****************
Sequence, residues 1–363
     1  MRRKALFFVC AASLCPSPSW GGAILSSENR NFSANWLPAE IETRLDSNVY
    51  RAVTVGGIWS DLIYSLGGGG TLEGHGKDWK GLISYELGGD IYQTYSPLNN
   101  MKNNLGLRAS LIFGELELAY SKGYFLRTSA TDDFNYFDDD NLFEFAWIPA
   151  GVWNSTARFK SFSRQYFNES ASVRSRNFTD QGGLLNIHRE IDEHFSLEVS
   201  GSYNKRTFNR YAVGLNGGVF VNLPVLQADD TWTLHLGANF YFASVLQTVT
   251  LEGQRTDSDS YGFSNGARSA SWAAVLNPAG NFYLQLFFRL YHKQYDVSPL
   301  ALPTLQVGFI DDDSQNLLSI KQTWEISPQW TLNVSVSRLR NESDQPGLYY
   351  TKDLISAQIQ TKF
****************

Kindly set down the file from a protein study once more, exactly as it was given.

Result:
Sequence, residues 1–363
     1  MRRKALFFVC AASLCPSPSW GGAILSSENR NFSANWLPAE IETRLDSNVY
    51  RAVTVGGIWS DLIYSLGGGG TLEGHGKDWK GLISYELGGD IYQTYSPLNN
   101  MKNNLGLRAS LIFGELELAY SKGYFLRTSA TDDFNYFDDD NLFEFAWIPA
   151  GVWNSTARFK SFSRQYFNES ASVRSRNFTD QGGLLNIHRE IDEHFSLEVS
   201  GSYNKRTFNR YAVGLNGGVF VNLPVLQADD TWTLHLGANF YFASVLQTVT
   251  LEGQRTDSDS YGFSNGARSA SWAAVLNPAG NFYLQLFFRL YHKQYDVSPL
   301  ALPTLQVGFI DDDSQNLLSI KQTWEISPQW TLNVSVSRLR NESDQPGLYY
   351  TKDLISAQIQ TKF